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Flavours of a culture

FOOD provides one of the most fascinating windows into a culture — enabling important insights into its mores and customs; tracing its social and economic history; documenting its rites and rituals. Since this is a relatively new approach in the field of cultural studies, the food researcher is challenged by the lack of written resource material. Yet precisely because writers have to draw heavily on oral sources and their own experiences and memories, this kind of study has the potential of being among the most vivid and vibrant forms of cultural documentation. With her first book, Life and Food in Bengal, Chitrita Banerji had already established her considerable talent with this genre; and in her recently released The Hour of the Goddess: Memories of Women, Food and Ritual in Bengal, she continues to demonstrate the wonderful possibilities of this genre.

In her easy narrative style, weaving personal memories of food, ritual and women's lives in Bengal with sharp social commentary, Banerji takes the reader into the cultural landscape of Bengal through the prism of its food and food habits. As she traces her own journey from girlhood to womanhood in Calcutta, she evokes the intimate experiences of food and ritual that structure women's everyday life in Bengal. Her book is at once a rich, sensuous experience of tastes, colour and fragrances; an intensely personal memoir; historical documentation; and social critique.

Dealing with as wide a range of subjects as the significance of the bonti, a special cutting instrument, to the Bengali kitchen, foods forbidden for widows, the entrance of chhana or paneer into Bengali cuisine, the Bengali palate's curious partiality for bitter tastes, the significance of the connections between food and art in Bengal, and the subtle differences between Ghoti and Bangal (as persons from West and East Bengal, respectively, are called), Banerji's work displays impressive research and attention towards nuances. Among others, the author has delved into Sanskrit shlokas, into the Mahabharata and into Bengali literature dating back to the middle ages such as the Chandimangalkabya.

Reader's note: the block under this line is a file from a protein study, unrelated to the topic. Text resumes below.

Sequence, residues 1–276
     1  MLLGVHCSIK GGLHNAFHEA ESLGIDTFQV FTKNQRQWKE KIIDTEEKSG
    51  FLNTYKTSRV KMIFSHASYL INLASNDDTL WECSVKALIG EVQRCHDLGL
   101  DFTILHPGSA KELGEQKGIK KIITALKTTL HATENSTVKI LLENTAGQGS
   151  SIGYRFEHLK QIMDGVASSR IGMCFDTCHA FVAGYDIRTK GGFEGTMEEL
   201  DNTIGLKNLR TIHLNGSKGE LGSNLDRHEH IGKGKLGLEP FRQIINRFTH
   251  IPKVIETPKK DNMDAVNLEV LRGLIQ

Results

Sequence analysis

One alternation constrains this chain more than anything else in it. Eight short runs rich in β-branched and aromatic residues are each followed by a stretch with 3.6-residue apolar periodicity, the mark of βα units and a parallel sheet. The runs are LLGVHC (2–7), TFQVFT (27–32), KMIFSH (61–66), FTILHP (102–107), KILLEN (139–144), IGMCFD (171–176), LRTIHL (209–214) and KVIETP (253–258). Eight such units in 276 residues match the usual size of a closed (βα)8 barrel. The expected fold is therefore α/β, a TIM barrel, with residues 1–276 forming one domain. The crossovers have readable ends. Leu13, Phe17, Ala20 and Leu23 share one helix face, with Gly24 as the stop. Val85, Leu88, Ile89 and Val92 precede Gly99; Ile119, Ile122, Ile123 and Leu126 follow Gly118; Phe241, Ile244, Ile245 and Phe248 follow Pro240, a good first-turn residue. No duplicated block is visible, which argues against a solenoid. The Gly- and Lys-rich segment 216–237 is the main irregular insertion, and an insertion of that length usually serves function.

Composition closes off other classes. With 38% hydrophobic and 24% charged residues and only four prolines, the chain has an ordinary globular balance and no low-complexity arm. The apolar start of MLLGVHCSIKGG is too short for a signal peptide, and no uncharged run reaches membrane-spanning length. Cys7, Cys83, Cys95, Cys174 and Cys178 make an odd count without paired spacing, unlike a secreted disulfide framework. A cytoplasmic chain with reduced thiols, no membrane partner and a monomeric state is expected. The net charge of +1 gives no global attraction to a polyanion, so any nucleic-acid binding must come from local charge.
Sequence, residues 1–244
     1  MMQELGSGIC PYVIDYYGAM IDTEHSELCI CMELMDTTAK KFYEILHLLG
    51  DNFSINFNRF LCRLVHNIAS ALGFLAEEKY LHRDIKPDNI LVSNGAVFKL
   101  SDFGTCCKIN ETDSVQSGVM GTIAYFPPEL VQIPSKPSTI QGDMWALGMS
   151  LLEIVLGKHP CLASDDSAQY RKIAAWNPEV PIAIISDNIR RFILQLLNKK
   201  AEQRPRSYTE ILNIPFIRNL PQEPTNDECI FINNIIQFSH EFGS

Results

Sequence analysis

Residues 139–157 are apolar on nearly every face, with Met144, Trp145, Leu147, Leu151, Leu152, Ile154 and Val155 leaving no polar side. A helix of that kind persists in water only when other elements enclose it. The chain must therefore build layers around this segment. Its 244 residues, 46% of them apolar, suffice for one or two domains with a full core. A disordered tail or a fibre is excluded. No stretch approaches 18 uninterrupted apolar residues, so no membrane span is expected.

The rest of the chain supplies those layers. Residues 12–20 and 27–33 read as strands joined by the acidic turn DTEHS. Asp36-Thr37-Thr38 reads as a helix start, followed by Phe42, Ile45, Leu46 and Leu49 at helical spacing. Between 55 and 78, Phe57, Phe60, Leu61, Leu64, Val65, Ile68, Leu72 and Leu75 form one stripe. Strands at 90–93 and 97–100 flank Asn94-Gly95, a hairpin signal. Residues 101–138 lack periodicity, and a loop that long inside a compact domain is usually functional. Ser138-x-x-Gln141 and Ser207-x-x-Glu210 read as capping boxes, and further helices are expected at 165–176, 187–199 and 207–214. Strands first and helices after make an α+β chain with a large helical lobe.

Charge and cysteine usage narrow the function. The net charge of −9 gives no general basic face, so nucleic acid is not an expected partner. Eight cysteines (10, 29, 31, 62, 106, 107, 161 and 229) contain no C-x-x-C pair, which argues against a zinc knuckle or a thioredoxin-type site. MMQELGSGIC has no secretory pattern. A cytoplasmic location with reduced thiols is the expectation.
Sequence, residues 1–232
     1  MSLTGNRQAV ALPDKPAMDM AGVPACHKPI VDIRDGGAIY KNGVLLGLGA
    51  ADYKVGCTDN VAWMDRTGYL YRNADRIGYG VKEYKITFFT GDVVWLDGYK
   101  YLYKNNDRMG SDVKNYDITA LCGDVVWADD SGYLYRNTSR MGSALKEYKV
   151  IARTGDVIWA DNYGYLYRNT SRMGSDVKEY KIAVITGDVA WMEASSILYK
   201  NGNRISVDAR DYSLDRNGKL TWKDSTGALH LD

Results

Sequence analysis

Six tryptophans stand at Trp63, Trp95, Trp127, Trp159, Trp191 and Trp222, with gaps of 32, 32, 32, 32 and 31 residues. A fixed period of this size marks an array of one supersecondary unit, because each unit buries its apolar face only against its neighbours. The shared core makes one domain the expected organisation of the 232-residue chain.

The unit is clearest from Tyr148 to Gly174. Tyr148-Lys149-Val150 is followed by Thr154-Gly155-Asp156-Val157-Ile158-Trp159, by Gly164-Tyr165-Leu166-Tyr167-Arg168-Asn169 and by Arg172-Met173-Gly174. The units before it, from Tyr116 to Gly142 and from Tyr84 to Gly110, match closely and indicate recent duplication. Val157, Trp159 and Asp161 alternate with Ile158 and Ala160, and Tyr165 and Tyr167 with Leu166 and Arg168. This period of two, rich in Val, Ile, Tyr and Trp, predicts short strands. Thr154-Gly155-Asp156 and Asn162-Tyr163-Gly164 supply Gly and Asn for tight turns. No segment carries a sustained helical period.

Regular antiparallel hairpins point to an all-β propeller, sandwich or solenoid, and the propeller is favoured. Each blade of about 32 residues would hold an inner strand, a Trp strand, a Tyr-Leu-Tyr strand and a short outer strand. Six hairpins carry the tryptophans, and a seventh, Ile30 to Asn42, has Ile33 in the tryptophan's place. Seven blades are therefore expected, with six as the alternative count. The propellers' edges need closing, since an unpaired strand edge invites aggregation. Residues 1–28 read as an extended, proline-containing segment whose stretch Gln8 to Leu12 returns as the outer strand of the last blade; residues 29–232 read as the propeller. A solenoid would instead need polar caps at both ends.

Her social commentary touches on social inequities and prejudices, but its focus is the position of women. Her book captures powerfully the complex synergy between women and food preparation in Bengal: the kitchen is the woman's domain and the rituals related to food and food preparation invest her with control; yet built into those very same rituals are the mechanisms that reinforce her disempowerment and ensure her continued subjugation.

The book is beautifully produced but the overall effect is somewhat marred by instances of editorial inconsistency. For example, in the chapter "The Bonti of Bengal" (in the first place, the absence of diacritics makes one automatically read the word with a hard `n' and thus the first response is to anticipate — with a degree of puzzlement — an essay on the role of the younger sister in Bengali culture!); bonti appears at times in italicised form and at other times de-italicised. And if `bonti' is italicised then why is `shil nora' (the grinding implement in Bengali kitchens) not? On the other hand, ghee is italicised throughout — without any justification since it has now officially entered the English language and is listed in the Oxford English Dictionary. There is also the rather uncomfortable juxtaposition of Bengali and English terms, like a sentence that lists "jasmine, bel, chameli, kamini, gardenias". Surely, there should have been some policy to ensure uniformity.

Yet, these are minor irritants in a text that is eminently readable, demonstrates a high degree of scholarship and is a valuable addition to the field of cultural studies in Bengal.

The Hour of the Goddess: Memories of Women, Food and Ritual in Bengal, Chitrita Banerji, Seagull Books, hardback, Rs. 475.

ARUNDHATI RAY

The writer is a food columnist.

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